Harriet Dyer: The Dinosaur Show
- Deborah Chu
- 11 August 2019
This article is from 2019
Chaos reigns throughout this DIY hour of absurd nonsense
Harriet Dyer takes to the stage enrobed in a saggy green sack that, she assures us, will transform her into a dinosaur in due course. But first, we the audience must hatch her. Without giving too much of the hour away, it's safe to say that there's literally nothing about The Dinosaur Show that makes any sense whatsoever. Despite setting out to unmask the nefarious government conspiracy behind dinosaurs becoming extinct, the show is more of a complete free-fall through Dyer's absurdly anarchic stream of consciousness, complete with vigorous song-and-dance numbers and video art that is DIY to the extreme.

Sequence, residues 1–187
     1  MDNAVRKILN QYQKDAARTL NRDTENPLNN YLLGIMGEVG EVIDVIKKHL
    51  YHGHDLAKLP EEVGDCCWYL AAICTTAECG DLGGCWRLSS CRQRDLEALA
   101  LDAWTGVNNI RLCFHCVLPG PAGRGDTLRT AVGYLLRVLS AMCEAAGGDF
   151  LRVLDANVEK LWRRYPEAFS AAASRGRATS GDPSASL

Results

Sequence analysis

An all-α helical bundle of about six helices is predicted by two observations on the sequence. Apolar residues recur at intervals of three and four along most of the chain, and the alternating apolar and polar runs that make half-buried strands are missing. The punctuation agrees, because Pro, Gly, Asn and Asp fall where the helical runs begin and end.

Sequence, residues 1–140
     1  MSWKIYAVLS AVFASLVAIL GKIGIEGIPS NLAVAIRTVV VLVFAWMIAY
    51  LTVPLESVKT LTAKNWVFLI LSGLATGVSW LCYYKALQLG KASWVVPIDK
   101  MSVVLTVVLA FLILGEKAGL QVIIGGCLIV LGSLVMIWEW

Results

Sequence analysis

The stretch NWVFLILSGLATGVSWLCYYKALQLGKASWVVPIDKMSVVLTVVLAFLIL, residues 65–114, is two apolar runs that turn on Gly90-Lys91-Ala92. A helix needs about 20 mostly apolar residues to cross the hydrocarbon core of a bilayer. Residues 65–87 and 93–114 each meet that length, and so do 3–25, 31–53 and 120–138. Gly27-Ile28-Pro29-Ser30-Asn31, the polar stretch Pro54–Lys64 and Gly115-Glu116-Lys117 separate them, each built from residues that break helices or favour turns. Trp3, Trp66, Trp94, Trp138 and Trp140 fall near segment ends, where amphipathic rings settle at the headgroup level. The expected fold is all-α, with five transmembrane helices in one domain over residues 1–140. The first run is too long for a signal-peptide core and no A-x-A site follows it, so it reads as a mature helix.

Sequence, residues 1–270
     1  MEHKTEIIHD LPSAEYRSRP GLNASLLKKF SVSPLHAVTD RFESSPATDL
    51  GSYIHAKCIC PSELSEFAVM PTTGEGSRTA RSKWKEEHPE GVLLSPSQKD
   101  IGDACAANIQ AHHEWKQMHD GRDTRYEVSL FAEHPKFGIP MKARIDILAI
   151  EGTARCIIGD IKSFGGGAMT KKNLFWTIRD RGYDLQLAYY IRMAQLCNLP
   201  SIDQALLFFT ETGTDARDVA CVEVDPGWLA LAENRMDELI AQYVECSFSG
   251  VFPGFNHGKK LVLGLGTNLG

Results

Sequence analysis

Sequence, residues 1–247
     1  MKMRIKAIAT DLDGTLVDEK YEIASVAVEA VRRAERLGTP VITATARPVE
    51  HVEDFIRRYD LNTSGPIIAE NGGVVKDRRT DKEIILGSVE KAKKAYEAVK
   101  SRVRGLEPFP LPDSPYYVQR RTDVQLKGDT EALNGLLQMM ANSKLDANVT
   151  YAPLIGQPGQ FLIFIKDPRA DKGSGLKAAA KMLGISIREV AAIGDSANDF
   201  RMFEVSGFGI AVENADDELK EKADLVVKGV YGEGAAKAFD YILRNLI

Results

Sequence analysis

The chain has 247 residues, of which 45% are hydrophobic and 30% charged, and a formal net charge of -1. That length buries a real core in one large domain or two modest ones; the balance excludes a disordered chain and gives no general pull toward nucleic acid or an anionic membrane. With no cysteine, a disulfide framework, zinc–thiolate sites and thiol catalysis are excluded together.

Dyer is sometimes her worst enemy on stage, as her frenetic mind threatens to spin off into several different tangents simultaneously at the merest distraction. It's difficult to tell how much of this is genuine or scripted, but the overall effect contributes beautifully to the show's sense of barely-controlled chaos. Indeed it's this disarming sense of spontaneity, combined with Dyer's naturally wild energy, that drives the show onwards, alongside her flurry of costume changes and expository hand puppetry. As the comic herself admits, you may not understand what just happened in this room, but at the very least something definitely happened.
Gilded Balloon Patter Hoose, until 26 Aug, 8.15pm, £10–£11 (£9–£10).